Conestoga wagons born here in the 1700s moved the freight that grew our nation. Pulled by teams of six or eight horses, they could transport six tons on rough roads and over rocky streams. Wagons going to and from Lancaster inspired the nation’s first turnpike in 1794.
Bells and manure
During much of the eighteenth century it was common for 100 or more Conestoga wagons a day to pass through Lancaster, pulled by six-horse teams (that’s 600 well-fed horses). King’s Highway, going through the center of town, was alive with the constant ringing of wagon bells and the unmistakable stench of horse manure. The 60-mile journey from Lancaster to Philadelphia with a loaded wagon took about four days traveling at 15 miles per day; longer on muddy roads, and quicker on frozen roads in the winter. A stagecoach full of passengers could make the trip in less than two days, including necessary rest stops (and to change horses) at any of the 62 taverns along the way.
From paths to roads to highways to canals to railways
Early settlers walked on narrow Indian paths through thick woods pushing crude two-wheeled carts loaded with their meager possessions, or led a pack mule or horse. With Conestoga wagons to carry heavy loads and stagecoaches to carry people, paths were widened into rough roads. The completion of the Philadelphia-Lancaster Turnpike in 1794 made travel faster and easier. It was the nation’s first turnpike—made with a hard stone base. The turnpike had an important impact on the town’s economy. The completion of the 17-mile Conestoga Canal in 1825, enabled goods to be taken by boat from E. King Street in Lancaster to Safe Harbor on the Susquehanna River. The 82-mile Philadelphia, Lancaster, and Columbia Railroad, with a station in Lancaster at N. Queen and Chestnut Streets, was built in 1834.
Lancaster is a market town
In 1730, Lancaster was laid out with an open-air public market in the center of town where farmers and others brought their wares in wagons to sell. In 1800, a brick building, housing a Masonic Lodge on the second floor, was constructed adjoining the new City Hall on Penn Square. At the street level, there was a through-arcade accessing the large open-air market with stands selling fresh, local produce, meats, and baked goods. By the end of the nineteenth century there were eight markets in the city. The current Romanesque Revival market house, called Central Market, was built in 1889 featuring ornate brick and stonework. Central Market was designated in 1995 as one of the “Great Public Places” in America.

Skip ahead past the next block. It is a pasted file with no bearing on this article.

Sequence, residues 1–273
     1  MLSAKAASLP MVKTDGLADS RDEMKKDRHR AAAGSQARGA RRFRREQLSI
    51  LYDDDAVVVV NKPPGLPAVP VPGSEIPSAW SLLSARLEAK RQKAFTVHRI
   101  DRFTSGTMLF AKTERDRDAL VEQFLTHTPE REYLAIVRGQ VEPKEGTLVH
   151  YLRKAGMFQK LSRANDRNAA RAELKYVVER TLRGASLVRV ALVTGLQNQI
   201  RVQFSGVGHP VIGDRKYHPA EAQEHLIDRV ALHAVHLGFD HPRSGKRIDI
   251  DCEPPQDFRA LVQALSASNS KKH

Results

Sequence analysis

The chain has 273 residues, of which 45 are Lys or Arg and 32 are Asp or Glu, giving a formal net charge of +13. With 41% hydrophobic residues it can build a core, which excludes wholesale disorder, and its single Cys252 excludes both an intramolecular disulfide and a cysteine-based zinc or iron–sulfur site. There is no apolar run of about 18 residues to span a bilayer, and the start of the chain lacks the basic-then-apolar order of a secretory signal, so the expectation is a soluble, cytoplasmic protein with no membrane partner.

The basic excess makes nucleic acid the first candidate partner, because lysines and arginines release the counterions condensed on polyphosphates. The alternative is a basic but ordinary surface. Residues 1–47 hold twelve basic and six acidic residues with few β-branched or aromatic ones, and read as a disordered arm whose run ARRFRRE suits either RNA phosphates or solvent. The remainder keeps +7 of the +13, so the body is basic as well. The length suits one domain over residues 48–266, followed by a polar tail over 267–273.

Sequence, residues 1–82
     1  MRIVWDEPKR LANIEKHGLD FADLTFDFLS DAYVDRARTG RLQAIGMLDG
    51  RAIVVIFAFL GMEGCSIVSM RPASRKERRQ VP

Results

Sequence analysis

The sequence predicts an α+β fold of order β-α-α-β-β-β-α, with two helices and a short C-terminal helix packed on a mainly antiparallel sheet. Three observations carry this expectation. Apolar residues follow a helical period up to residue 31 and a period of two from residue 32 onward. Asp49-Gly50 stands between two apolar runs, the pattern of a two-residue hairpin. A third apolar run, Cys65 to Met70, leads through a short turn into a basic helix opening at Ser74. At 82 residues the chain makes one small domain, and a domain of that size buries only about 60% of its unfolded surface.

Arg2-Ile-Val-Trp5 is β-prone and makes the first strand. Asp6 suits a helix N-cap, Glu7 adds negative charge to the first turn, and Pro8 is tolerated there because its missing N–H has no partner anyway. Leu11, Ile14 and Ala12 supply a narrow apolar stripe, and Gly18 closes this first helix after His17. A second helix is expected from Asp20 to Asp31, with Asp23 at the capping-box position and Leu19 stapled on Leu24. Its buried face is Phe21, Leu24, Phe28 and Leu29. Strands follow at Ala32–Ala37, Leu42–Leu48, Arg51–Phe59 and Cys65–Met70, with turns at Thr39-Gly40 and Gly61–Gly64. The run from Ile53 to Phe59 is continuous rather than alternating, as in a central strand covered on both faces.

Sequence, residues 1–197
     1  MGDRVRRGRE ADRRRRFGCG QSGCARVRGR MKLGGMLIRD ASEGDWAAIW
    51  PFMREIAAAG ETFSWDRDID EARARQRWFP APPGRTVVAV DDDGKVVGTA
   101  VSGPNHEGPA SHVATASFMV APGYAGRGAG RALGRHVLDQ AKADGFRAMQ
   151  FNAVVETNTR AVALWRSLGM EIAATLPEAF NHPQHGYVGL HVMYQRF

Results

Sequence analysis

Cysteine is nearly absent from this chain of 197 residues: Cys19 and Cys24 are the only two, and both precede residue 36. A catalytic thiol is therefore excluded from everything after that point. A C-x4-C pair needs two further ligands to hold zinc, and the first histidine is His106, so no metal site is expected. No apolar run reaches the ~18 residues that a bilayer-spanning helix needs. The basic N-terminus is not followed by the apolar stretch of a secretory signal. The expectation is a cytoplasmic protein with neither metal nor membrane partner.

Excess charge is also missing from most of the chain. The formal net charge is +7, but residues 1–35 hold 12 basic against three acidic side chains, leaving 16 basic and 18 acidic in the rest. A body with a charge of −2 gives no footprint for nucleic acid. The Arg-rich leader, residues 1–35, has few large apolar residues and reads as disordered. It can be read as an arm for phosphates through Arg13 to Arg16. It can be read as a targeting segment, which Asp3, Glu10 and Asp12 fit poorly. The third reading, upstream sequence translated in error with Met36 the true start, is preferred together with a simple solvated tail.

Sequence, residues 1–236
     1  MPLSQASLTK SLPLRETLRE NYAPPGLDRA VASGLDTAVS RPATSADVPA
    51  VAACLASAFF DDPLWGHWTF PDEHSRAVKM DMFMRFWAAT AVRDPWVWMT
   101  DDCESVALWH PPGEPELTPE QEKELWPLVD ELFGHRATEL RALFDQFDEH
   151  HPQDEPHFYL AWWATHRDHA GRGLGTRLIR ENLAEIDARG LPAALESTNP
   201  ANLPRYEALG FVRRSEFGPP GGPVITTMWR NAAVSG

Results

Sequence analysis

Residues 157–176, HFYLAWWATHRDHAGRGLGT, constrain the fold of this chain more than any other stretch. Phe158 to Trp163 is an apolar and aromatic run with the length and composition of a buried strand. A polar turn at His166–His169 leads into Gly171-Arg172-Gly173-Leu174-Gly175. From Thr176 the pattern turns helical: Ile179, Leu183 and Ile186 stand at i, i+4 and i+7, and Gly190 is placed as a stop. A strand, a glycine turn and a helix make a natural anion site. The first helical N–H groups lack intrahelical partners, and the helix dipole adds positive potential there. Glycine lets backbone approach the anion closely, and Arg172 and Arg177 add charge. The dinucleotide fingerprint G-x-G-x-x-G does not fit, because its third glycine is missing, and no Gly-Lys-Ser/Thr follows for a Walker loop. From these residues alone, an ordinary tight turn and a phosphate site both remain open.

Lancaster Central Market (open Tuesday, Friday and Saturday)
The American dream came by wagon
As early as 1717, Conestoga wagons were being designed and built by local craftsmen to move freight, enabling the nationwide migration of settlers for almost 150 years. During the French and Indian War, Benjamin Franklin came to Lancaster buying wagons to supply Braddock’s army. Conestoga wagons were up to 18 feet long, and pulled by teams of specially bred horses, known as Conestoga horses. The wagon’s upward curve, like a ship’s hull, prevented contents from shifting. The large rear wheels were ideal for crossing creeks and rolling over large rocks; smaller, front wheels made turning easy. There were no seats. The driver walked along the left side, or rode one of the horses, or sat on a lazy-board on the left side of the wagon. That’s why we drive on the right side of the road today.